Medical researchers looking into concussions have found signs of the protein that causes brain damage in football players who are still alive, which could lead to future preventative measures, according to multiple reports.
The discovery marks the first time researchers have detected signs of the disease in living players. Those who conducted the study at UCLA described the discoveries as a big step toward diagnosing what is known as chronic traumatic encephalopathy, or CTE, in living patients.
"I've been saying that identifying CTE in a living person is the holy grail for this disease and for us to be able make advances in treatment," Dr. Julian Bailes, co-director of NorthShore Neurological Institute in Evanston, Ill., told ESPN.com. "It's not definitive, and there's a lot we still need to discover to help these people, but it's very compelling. It's a new discovery."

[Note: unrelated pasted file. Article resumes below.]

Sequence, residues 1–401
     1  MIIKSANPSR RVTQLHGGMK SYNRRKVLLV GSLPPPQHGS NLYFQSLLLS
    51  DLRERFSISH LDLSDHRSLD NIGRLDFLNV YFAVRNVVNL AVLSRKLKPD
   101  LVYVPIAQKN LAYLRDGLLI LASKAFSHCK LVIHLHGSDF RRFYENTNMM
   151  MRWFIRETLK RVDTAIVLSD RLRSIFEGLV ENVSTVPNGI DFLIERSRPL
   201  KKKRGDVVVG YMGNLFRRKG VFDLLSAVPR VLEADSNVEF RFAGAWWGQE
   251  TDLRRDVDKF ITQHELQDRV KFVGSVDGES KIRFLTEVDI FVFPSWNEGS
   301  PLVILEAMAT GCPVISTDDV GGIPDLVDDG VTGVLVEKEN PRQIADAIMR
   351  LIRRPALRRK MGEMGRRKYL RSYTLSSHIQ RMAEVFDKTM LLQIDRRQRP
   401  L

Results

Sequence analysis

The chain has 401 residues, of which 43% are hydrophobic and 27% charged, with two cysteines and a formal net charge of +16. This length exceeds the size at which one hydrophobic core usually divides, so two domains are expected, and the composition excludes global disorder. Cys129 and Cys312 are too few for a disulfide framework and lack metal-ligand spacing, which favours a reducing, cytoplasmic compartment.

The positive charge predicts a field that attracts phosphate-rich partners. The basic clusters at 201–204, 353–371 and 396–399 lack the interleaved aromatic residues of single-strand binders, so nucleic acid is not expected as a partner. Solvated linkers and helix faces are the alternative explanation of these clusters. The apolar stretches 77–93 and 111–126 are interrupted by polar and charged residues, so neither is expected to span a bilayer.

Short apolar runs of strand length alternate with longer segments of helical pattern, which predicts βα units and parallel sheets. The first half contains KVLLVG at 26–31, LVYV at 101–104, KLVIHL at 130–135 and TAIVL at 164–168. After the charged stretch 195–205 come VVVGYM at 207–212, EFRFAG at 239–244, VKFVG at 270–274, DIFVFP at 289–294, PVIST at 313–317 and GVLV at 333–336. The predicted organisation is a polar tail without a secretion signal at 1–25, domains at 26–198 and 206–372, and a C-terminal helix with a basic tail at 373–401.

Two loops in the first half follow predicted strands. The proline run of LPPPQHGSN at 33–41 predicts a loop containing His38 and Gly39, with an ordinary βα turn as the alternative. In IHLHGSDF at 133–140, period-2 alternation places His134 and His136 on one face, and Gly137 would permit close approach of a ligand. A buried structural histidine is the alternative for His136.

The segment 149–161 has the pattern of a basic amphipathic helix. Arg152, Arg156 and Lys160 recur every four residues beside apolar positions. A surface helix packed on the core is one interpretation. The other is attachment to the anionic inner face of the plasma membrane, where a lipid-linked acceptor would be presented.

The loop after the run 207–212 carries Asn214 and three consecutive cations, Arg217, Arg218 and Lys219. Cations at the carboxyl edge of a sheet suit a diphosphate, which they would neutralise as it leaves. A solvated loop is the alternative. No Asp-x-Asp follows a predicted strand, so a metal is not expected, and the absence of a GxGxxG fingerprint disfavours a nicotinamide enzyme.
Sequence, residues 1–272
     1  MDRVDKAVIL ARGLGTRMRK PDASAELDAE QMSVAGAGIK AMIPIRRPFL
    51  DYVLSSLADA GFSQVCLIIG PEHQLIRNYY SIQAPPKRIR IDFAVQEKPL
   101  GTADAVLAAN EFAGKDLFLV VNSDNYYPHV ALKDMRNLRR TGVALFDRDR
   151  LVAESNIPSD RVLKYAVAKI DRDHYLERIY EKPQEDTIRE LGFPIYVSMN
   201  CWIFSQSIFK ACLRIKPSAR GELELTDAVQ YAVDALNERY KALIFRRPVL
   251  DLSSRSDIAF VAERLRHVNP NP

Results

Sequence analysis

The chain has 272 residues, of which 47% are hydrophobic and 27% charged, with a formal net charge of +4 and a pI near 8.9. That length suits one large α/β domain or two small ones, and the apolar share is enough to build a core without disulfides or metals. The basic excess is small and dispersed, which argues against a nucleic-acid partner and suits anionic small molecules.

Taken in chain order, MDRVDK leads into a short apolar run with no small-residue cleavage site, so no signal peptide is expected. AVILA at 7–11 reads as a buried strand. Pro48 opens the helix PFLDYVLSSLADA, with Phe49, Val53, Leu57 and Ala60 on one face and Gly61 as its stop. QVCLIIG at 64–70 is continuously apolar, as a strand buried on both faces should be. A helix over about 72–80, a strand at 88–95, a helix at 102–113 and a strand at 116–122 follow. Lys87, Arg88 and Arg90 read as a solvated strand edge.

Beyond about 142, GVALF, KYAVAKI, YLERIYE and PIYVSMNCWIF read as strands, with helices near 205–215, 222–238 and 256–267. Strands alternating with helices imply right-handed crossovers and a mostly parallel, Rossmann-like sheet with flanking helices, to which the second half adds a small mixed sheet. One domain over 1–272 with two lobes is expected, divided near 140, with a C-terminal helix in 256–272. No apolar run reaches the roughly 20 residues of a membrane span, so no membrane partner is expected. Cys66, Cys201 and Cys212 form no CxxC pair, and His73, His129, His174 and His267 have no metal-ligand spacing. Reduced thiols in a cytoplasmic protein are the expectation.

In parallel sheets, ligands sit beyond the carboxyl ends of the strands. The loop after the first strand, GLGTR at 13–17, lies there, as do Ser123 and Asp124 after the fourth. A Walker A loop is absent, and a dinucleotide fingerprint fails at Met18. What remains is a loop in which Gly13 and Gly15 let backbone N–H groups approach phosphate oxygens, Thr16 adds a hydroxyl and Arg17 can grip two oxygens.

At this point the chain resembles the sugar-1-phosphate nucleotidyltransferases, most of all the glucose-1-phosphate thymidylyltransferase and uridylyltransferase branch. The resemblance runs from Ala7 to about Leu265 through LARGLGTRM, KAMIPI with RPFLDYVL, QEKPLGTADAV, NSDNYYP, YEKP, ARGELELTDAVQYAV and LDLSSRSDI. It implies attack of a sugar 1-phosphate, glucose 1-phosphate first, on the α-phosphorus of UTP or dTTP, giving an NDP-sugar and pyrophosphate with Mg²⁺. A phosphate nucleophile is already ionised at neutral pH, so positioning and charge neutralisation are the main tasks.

The American Journal of Geriatric Psychiatry published the findings on Tuesday. New imaging techniques have detected abnormal tau proteins in five retired NFL players: Fred McNeill, a 59-year-old former Vikings linebacker; Wayne Clark, a 64-year-old former backup quarterback; and three other unidentified players: a 73-year-old former guard; a 50-year-old former defensive lineman; and a 45-year-old former center.
"The findings are preliminary -- we only had five players -- but if they hold up in future studies, this may be an opportunity to identify CTE before players have symptoms so we can develop preventative treatment," Dr. Gary W. Small told ESPN.com.
The findings were published Tuesday in the American Journal of Geriatric Psychiatry.